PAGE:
Laparoscopic Surgery

Laparoscopic Surgery for Re-Constructive Urology

Laparoscopic surgery is a specialized technique for performing surgery which is minimally invasive. In traditional “open” surgery the surgeon uses a single incision to enter into the abdomen. Laparoscopic surgery uses several 0.5-1cm incisions to insert trochars which facilitates the passing of camera. As a result, the surgeon is able to look at detailed images of the affected area on the monitor.
In case of infections/ inflammation/ unclear view, slightly larger incisions may be recommended.

How Safe Is Laparoscopic Surgery:

As safe as traditional open surgeries.

Diagnosis:

This procedure uses a thin, lighted tube through which a doctor can look at the ovaries and other pelvic organs and tissues in the area. The tube is inserted through a small incision (cut) in the lower abdomen and sends the images of the pelvis or abdomen to a video monitor. Laparoscopy provides a view of organs that can help plan surgery or other treatments and can help doctors confirm the stage (how far the tumor has spread) of the cancer. Also, doctors can manipulate small instruments through the laparoscopic incision(s) to perform biopsies.

Diagnosis:

It’s often possible to diagnose a condition using non-invasive methods, such as an ultrasound scan, a computerized tomography (CT) scan or magnetic resonance imaging (MRI) scan. Sometimes, however, the only way to confirm a diagnosis is to directly study the affected part of the body using a laparoscope.
Laparoscopy can also be used to diagnose certain types of cancers. In such cases, the laparoscope is used to obtain a sample of suspected cancerous tissue, so that it can be sent to a laboratory for testing. This is known as a biopsy.

Cancers that can be diagnosed using laparoscopy include:

  • liver cancer
  • pancreatic cancer
  • ovarian cancer
  • cancer of the bile duct
  • cancer of the gallbladder

Treatment:

Laparoscopic surgery can be used to treat a number of different conditions, including:
removing some or all of an organ that has been affected by cancer, such as the ovaries, prostate, liver, colon, kidney or bladder

Laparoscopic Surgery Side Effects:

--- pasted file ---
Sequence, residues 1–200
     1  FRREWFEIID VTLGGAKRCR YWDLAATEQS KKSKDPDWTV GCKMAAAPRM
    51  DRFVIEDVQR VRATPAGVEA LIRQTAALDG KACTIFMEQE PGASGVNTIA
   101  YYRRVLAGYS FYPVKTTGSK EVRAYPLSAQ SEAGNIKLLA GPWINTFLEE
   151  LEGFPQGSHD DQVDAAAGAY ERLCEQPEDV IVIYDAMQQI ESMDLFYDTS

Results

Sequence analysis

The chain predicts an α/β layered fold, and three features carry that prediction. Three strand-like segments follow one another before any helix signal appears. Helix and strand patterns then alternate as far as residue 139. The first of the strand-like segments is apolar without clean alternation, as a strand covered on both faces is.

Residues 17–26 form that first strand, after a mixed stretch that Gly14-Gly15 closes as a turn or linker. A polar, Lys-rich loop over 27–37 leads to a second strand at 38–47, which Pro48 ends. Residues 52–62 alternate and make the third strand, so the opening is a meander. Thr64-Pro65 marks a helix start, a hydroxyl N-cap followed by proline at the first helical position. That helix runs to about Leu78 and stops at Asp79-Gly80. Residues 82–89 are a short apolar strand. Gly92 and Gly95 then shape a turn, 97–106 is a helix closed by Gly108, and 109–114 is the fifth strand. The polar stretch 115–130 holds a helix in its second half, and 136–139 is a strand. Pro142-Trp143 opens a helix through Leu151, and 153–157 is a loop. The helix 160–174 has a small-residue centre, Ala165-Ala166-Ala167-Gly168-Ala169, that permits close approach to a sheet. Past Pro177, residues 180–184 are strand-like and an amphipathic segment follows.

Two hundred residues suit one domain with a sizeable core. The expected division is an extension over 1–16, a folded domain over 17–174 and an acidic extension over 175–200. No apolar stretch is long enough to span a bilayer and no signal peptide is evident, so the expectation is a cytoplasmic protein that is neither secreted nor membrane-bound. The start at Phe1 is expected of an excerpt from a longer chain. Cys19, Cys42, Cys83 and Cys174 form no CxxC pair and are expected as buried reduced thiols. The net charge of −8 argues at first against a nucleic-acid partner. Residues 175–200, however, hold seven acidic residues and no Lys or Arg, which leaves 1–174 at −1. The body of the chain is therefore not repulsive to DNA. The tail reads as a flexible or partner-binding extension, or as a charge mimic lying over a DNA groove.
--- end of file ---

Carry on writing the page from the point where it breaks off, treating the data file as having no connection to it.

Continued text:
Minor complications
It is estimated that minor complications occur in one or two out of every 100 cases, following laparoscopy. They include:

  • post-operative infection
  • minor bleeding and bruising around the incision
  • feeling sick and vomiting

Serious complications
Serious complications after laparoscopy are rare, occurring in one out of every 1,000 cases, it is estimated. These include:

  • damage to an organ, such as your bowel or bladder, which could result in the loss of organ function
  • damage to a major artery
  • complications arising from the use of carbon dioxide during the procedure, such as the gas bubbles entering your veins or arteries
  • a serious allergic reaction to the general anaesthetic
  • a blood clot developing in a vein, usually in one of the legs (deep vein thrombosis or DVT), which can break off and block the blood flow in one of the blood vessels in the lungs (pulmonary embolism)

Further surgery is often required to treat many of these more serious complications.

Advantages Of Laparoscopic Surgery:

Compared to traditional open surgery, patients often experience less pain, a shorter recovery, and less scarring with laparoscopic surgery.

Recovery:

For a few days after the procedure, you’re likely to feel some pain and discomfort where the incisions were made, and you may also have a sore throat if a breathing tube was used. You will be given painkilling medication to help ease the pain.
Some of the gas used to inflate your abdomen can remain inside your abdomen after the procedure, which can cause:

  • bloating
  • cramps
  • shoulder pain, as the gas can irritate your diaphragm (the muscle you use to breathe), which in turn can irritate nerve endings in your shoulder

These symptoms are nothing to worry about and should pass after a day or so, once your body has absorbed the remaining gas.
In the days or weeks after the procedure, you will probably feel more tired than usual, as your body is using a lot of energy to heal itself. Taking regular naps may help.

Follow- up:

It’s usually recommended that someone stays with you for the first 24 hours after surgery. This is in case you experience any symptoms that suggest there could be a problem, such as:

  • a high temperature of 38°C (100.4°F) or above
  • Chills
  • increasing abdominal pain
  • redness, pain, swelling and discharge around your wounds
  • pain and swelling in one of your legs
  • a burning or stinging sensation when urinating

If you experience any of these symptoms, immediately contact your Urologist.